Flexible Solar Review

Edited by : Graham Morfitt (BSc Physics)

Maybe you’ve seen them. Flexible solar modules without aluminum frames, glued directly onto the roofs of vans & trailers, or boat decks. Ever wonder what they’re all about, and whether they would be appropriate for your application? This article will review the technology, several leading product options, and what to look for when buying.

Why Flexible Solar?

The idea behind semi-flexible and fully flexible solar modules is that without the glass & aluminum frame, these are the lightest solar options available. No frames also means that they can be attached to surfaces without the use of bolts, clamps, or rails. This is something that our van conversion, motorhome, trailer, and boat clients are very keen on. Being flexible also means that they can match the contour of a moulded roof or other surface. Wiring is also provided on the face of the panel header instead of the back of the panel, thereby making the wiring process a lot simpler. Lots of reasons to like this approach!

Crystalline vs Thin Film Cells

The next thing to know about these modules, is that you have two different types of solar cell to choose from. Crystalline (usually monocrystalline), and thin film (CIGS or Amorphous).
Crystalline Cells…
The crystalline variety use the same high-efficiency solar cells used in standard rooftop modules. The cells are extremely thin and brittle, so they are laminated between layers of encapsulation, and mounted onto a backing material that is either a type of thermo plastic (Tedlar: TPT or TPE), or fiberglass.
Thin Film Cells…
CIGS or ASi thin film cells use a light-sensitive material that is adhered to a backing material in a process resembling a printing press. The cells are not rigid, and so are not subject to cracking & breaking. This makes them even thinner, lighter, and more flexible than their crystalline cousins.

This is not to say that crystalline cells are much like thin film solar modules. While crystalline cells are more efficient, thin film is more sensitive. So in all practicality, a 100W thin film solar panel will generate more total energy over the course of any day than a 100W crystalline panel.
Because a thin film module is more sensitive, it will reach a usable charging output threshold under lower light conditions than crystalline. This means more energy produced at 25%, 50%, 75% of full sunlight. The rated peak output at 100% full sun might be the same, but more energy will be harvested by thin film cells at all other light levels, resulting in a greater daily total.
Thin film cells are less ‘efficient’, which means that it takes a greater surface area to generate the same power, which means that a thin film solar module will be 25-100% larger (depending on the type of thin film) than a crystalline module with the same power rating.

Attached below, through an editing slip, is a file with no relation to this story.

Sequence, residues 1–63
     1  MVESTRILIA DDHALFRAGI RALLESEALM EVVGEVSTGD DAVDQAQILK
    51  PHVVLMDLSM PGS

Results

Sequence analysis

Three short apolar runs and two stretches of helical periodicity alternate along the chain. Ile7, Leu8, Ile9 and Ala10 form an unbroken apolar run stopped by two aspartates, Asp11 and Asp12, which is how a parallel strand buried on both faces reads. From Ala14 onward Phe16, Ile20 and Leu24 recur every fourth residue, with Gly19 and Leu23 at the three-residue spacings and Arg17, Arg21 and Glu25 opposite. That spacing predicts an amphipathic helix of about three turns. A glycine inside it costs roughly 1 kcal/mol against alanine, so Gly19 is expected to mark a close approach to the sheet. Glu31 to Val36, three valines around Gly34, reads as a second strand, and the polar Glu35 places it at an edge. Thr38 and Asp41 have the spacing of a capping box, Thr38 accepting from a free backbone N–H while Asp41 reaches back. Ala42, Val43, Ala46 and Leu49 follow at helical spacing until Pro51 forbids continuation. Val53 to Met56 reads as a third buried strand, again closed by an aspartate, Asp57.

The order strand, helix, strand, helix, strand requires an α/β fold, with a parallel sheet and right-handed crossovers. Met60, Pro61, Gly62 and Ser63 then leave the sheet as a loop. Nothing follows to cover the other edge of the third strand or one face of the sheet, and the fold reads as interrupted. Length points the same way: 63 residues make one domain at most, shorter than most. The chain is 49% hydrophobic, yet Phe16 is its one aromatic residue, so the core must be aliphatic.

Choosing the Cell Type for Your Needs
Our recommendation is usually based on the following considerations…
1. 3-Season/Summer-Only/Lower Latitudes : Crystalline
During the months of greatest solar radiation, you might as well harvest using the most efficient cells type, and maximize your energy. This is especially true if you have limited space available for mounting solar modules.
2. Off-Season/Winter/High Latitudes/Shade : Thin Film
Not going to see a lot of intense sunlight where you are headed? Shade? Morning fog? Cloud? Low sun angle? Then you need a module that will give you the best chance of collecting some minimal amount of energy.
3. Portability : Thin Film
Although the semi-flexible crystalline panels are lightweight, they are not foldable, rollable, or very easily shipped. They need to be protected during transport. By contrast, most thin film flexible modules can be folded like tarps, or rolled into tubes for easy transport or storage.
4. Critical Equipment : Thin Film
Needing to keep communication or research equipment charged? Vaccine fridges? Using a CPAP machine? Then you’d better go with a thin film solution that will provide the most consistent base level performance over the widest range of light conditions.

Not All Modules Are Created Equal

Just because you found a great deal on a semi-flexible crystalline solar module, doesn’t mean that it is like every other semi-flexible solar module. There are important differences, and most of them will determine if you enjoy long years of charging bliss, or rapid failure.
First & foremost is the type of cells used. The best modules use SunPower cells, with back-of-cell bus wire connections for improved durability & performance. Front-of-cell wiring, combined with standard cells, have been known to fail through electrical shorts & burns. Not what you want when you are hundreds of miles from utility power. Also be sure of the encapsulation process used. ETFE is the top material for the top sheet, providing UV stability and durability against de-lamination.

Our recommendations…

Semi-Flexible Crystalline
PowerFilm Soltronix : 25W / 45W / 100W
Go Power SolarFlex : 30W Kit / 50W Kit & 50W / 100W Kit & 100W Exp

Thin Film
P3 Solar Flex : 30W / 60W / 80w / 100W / 200W
Global Solar PowerFLEX+ : 100W / 200W / 300W
Powerfilm Rollable : 21W / 42W / 60W / Club Car

For further reading…

Boating Forum – problems with poor laminations & top sheets
Off-Road Forum

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